Sony LF-V30 LocationFree TV review:

Sony LF-V30 LocationFree TV

Once you've got the software installed and everything connected, you should be able to view your cable/satellite box from your PC. You'll get a video window with basic controls, with the standalone onscreen remote on the side. If everything's gone according to plan, you'll have the same control over your set-top box whether you're in the next room or logging on from any broadband access point in the world. On a home network, you'll get higher speeds (in excess of 3Mbps) and a resulting better picture quality; the result can look quite good even when the window is maximized for full-screen viewing. When viewing over the Internet--which is to say, when you log in from any place outside of your home network--you'll be restricted by the upstream bandwidth of your broadband connection, so the visual fidelity takes a hit. But we still got a reasonably watchable picture, especially if we didn't blow it up to full screen. (Note that the LF-V30 can accept high-def (720p/1080i) video, but it downconverts it for streaming.)

On the Windows viewing software, Sony has made a few notable improvements. The onscreen software "remote" had all of the important keys for our DVR (including the all-important "list" function), and the template can now be updated, so you can add more customized keys for anything that's missing. Sony also says that remote "skins" are available--so the onscreen remote mirrors the familiar look and feel of your device's remote--but we couldn't seem to get that function to work.

Prefer to watch your TV shows on a device other than your PC? LocationFree products are theoretically supported on Macs and Windows Mobile devices, but there are a variety of caveats. For the Mac, you'll need to invest in viewing software from Taxan (aka IO-Data) to do so; we didn't have a copy on hand, so we didn't test it. But according to the company's Web site, the client isn't even verified to work with the LF-V30. Likewise, Access (the company that owns the rights to the Palm OS) offers the NetFront LocationFree Player for Pocket PC ($20)--but compatibility is limited to Windows Mobile 5.0 and 2003 Second Edition devices, and the company has "no plan to support Windows Mobile 6." On the brighter side, any PSP with the latest firmware is ready to go: you'll just need to pair the PSP with the LF-V30 first (follow the onscreen instructions on the PSP to do so). Once it's paired up, you should be able to access and control the LF-V30 from the PSP just as easily as you would on a PC or a Mac. Both the PC and PSP viewing clients have multiple aspect-ratio options, so you can stretch, squash, and zoom the picture to fit the squarish confines of a standard 4:3 monitor or a wider 16:9 viewing space, as found on a PSP.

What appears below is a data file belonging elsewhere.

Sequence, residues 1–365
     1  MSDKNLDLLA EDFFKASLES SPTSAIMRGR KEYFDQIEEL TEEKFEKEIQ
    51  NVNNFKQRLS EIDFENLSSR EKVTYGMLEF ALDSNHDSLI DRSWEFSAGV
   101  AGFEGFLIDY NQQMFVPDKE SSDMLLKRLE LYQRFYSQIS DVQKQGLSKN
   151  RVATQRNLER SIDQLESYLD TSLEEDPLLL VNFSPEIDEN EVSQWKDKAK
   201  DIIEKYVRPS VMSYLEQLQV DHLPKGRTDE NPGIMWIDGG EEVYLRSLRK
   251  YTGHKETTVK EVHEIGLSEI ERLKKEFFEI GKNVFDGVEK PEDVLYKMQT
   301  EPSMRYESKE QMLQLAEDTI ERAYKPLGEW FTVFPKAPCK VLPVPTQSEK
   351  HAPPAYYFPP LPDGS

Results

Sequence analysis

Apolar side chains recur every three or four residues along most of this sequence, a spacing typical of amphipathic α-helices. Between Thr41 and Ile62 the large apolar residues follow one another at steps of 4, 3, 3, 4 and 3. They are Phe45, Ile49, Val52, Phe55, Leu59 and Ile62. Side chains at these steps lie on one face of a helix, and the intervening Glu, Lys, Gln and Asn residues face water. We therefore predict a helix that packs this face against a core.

Even if you stick with Windows, installing a player is something of an annoyance. The included software has a license, of course, but you can use that only on one machine. Each additional Windows PC will require another license (software key) at a cost of $30. So, if you want to view your home TV programming on more than one computer--say, your personal laptop and your work PC--you're going to have to shell out more money. (Sony VAIO owners, at least, get a freebie; the LocationFree software comes preinstalled on those PCs as of summer 2007.)

Compare that software rigmarole to the Slingbox experience. Sling offers freely downloadable Windows and Mac versions, so you can install the viewing client on as many computers as you want for no additional charge. (Only one can log on at any given time, but it's still a huge advantage.) As long as you have the Slingbox serial number and password, you can effectively download and install the software and watch your home TV from any computer in the world, without being bogged down paying additional fees. And while Sling also charges for its mobile software clients, each of them--for Palm OS, Windows Mobile, and Symbian smartphones--are updated much more frequently, and the downloads and customer support documents are all in one convenient place: Sling's Web site. Likewise, if you have a problem with any of them, you deal with Sling's customer service--not a third party.

It's also worth mentioning some of the caveats that apply to all of these so-called placeshifting devices, including the Slingbox. Most importantly, the LF-V30 will monopolize whatever device--or devices--to which it's attached. That's no problem if the cable box in question is sitting in an empty house, and you're out on the road; it's a big problem if a family member is at home watching TV, and you decide to remotely change the channel. Secondly, the LocationFree TV products are only as good as the products they're connected to. Linking it to a TiVo/DVR gives you a lot more freedom to play back any programs you've already recorded, while a standard cable or satellite box provides access only to live TV--not very useful if nothing's on. Finally, the video quality is largely determined by the upstream broadband connection at the source; if your bandwidth isn't in the sweet spot (say, 350Kbps to 500Kbps), you'll get a lot of herky-jerky video.

In the final analysis, the LocationFree LF-V30 is an incremental improvement over the preceding LF-B20 model. If wireless connectivity is a must, or you're a heavy PSP user, the LF-V30 is the box for you. But everyone else will be better served by a Slingbox, which offers easier setup and installation, a better software client, and solid support for far more devices, including Macs and Palm, Windows Mobile, and Symbian smartphones.

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